Java Memcached Performance &Scalability
gblock at ctoforaday.com
Mon Jul 31 17:15:47 UTC 2006
Sorry, just caught this.
On 26 Jul 2006, at 13:36, Prateek Mathur wrote:
> Some questions on performance and scalability:
> 1) How do you compare the Java version of Memcached with the C
> versions in handling load and performance?
I don't. There's almost no way I'd ever be willing to wrap the C-
based library in a java API and do that much JNI boundary crossing
across hundreds of threads in our applications. You can do so;
forgive me if I think you're completely insane for it. :)
It's fast enough that I don't have to worry about how fast it is.
The cost is miniscule to nonexistent, compared to the serialization
overhead we pay for serializing our object hierarchies into the server.
> Are there any figures from real production environment?
If I was worried about comparing it to something else, I'd bother.
There's nothing worth comparing it to, so I don't. Object load times
from our database are orders of magnitude more expensive than loading
objects from the memcached cache backend, on our system.
> 2) How do you compare the Java version of Memcached with other
> Java caches like EhCache,JBossCache etc.Any figures?
They don't compare, IMO. I wouldn't ever use the long-term caching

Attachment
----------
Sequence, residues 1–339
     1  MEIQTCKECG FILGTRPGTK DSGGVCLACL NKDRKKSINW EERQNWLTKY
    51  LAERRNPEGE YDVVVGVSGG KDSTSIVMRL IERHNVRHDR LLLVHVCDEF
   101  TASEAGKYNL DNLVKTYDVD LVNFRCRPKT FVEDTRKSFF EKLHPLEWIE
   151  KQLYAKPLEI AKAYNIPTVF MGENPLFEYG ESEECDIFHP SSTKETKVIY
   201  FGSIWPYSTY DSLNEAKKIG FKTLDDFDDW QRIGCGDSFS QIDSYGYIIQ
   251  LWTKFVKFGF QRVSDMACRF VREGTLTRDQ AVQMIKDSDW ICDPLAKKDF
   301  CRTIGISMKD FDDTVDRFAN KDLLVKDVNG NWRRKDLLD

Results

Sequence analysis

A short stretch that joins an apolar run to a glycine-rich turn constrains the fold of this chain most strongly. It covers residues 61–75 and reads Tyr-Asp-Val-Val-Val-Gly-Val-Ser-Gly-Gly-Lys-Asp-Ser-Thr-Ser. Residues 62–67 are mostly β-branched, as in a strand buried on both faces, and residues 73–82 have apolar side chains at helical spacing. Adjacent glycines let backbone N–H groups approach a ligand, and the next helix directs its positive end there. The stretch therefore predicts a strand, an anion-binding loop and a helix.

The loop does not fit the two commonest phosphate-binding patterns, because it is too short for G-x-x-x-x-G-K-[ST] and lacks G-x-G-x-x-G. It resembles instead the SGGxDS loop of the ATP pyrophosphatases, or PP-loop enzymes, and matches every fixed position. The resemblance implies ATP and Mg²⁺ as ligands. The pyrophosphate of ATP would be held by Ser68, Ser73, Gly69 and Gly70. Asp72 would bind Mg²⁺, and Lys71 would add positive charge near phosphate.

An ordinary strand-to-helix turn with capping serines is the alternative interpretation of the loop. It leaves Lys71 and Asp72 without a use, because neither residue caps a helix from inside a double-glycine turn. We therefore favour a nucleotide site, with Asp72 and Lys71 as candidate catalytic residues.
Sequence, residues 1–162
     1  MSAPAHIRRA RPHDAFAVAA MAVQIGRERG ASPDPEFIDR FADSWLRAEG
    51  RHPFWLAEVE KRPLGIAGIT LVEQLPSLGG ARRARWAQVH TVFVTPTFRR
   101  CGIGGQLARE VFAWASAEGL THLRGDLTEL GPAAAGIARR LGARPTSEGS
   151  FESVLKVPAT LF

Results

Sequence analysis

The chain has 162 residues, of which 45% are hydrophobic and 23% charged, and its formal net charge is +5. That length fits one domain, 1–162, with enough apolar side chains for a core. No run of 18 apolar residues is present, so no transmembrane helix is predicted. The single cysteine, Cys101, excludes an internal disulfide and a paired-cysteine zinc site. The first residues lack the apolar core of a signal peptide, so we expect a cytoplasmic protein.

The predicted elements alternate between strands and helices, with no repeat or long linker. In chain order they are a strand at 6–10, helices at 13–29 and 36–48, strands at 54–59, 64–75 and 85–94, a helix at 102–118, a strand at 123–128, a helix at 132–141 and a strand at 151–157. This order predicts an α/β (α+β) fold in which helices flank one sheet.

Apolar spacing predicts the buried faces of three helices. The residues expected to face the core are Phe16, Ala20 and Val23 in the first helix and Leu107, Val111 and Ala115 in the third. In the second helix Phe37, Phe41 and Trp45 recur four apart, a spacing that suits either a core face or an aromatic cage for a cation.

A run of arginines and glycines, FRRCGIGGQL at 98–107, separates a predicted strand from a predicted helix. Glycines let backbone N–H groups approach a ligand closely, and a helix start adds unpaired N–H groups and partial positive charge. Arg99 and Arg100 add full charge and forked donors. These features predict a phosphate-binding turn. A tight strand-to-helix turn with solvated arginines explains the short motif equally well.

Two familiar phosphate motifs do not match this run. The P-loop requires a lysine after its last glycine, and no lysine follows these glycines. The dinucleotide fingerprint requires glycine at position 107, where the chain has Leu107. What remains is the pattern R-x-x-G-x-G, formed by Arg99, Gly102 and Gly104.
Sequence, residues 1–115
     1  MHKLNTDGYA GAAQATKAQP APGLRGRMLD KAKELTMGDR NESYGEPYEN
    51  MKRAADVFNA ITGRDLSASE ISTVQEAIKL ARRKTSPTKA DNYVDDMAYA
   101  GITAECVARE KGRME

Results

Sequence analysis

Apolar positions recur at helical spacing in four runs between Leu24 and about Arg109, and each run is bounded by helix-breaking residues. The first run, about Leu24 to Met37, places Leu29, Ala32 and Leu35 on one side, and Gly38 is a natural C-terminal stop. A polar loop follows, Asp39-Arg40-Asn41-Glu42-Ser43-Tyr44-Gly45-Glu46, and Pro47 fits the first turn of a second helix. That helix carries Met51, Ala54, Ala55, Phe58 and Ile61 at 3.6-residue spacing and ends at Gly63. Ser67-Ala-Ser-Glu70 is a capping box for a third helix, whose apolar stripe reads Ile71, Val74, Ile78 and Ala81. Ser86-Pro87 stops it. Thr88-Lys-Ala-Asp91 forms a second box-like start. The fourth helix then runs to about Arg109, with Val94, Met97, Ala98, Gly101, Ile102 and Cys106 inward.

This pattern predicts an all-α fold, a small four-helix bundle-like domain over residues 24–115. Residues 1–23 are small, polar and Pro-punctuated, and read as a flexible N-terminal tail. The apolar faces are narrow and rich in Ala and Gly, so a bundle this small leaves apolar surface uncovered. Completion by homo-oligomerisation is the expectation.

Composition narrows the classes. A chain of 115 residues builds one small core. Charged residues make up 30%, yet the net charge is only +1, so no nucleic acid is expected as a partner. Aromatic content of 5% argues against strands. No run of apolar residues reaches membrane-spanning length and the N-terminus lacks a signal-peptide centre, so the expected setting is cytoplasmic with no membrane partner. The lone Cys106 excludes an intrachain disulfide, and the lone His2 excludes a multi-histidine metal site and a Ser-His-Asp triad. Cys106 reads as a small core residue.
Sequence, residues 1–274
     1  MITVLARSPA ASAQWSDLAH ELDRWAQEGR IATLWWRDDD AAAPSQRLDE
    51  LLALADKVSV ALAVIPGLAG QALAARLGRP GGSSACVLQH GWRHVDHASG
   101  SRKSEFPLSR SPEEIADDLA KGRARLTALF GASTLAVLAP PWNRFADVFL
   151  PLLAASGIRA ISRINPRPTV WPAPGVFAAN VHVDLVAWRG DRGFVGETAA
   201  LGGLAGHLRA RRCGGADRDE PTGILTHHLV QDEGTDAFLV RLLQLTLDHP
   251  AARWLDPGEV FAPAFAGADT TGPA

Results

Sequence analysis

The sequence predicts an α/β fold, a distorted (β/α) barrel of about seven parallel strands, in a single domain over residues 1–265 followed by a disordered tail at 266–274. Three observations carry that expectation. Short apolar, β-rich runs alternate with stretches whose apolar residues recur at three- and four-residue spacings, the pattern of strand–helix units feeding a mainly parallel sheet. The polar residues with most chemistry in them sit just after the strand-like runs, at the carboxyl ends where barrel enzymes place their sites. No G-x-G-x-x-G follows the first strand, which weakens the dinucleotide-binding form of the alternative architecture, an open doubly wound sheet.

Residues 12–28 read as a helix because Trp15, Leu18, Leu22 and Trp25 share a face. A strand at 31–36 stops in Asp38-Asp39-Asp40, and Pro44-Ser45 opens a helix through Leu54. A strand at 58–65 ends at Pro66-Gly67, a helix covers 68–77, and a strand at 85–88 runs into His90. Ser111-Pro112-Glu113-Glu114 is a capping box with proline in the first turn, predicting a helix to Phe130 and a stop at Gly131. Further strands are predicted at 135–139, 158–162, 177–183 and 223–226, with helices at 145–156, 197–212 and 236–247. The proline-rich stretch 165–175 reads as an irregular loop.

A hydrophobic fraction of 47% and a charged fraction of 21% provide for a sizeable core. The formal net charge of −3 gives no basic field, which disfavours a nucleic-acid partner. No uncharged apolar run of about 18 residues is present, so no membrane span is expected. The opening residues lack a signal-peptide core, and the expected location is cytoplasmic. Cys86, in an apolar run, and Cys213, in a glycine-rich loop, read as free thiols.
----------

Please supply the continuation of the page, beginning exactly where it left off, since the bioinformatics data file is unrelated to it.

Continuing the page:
on most of those, personally - I don't like the implementation, and
most importantly, the whole point of having a cache like this is
making sure that nothing can go wrong within the Java VM that damages
the availability and uptime of the caches themselves.
What we do here is a two-level readthrough/writethrough cache, with
an EhCache providing "short term memory" caching, and a Memcached
providing "long term" caching. Cache updates and reads check the
short term cache, which is limited by numbers and/or by TTL, and fall
through to the TTL'd memcached backend. Updates clear keys in both
sets; the next access will fall through both caches and result in a
fresh read from the database.
Simple layering of a 'recently used' cache on top of the memcached
access API can get you a predictably-performing short term
implementation with long-term fallthrough to the memcached backends
for longer TTL data persistence with very little overhead.
All of this is personal preference - feel free to use the disk caches
and server-to-server replication if you prefer. It all depends on
what you're trying to accomplish.
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